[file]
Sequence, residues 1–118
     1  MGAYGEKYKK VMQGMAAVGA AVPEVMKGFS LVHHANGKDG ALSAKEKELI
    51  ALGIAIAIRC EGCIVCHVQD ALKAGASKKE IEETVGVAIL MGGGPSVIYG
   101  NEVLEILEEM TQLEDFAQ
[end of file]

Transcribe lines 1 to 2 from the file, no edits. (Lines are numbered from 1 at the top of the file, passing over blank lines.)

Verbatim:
Sequence, residues 1–118
     1  MGAYGEKYKK VMQGMAAVGA AVPEVMKGFS LVHHANGKDG ALSAKEKELI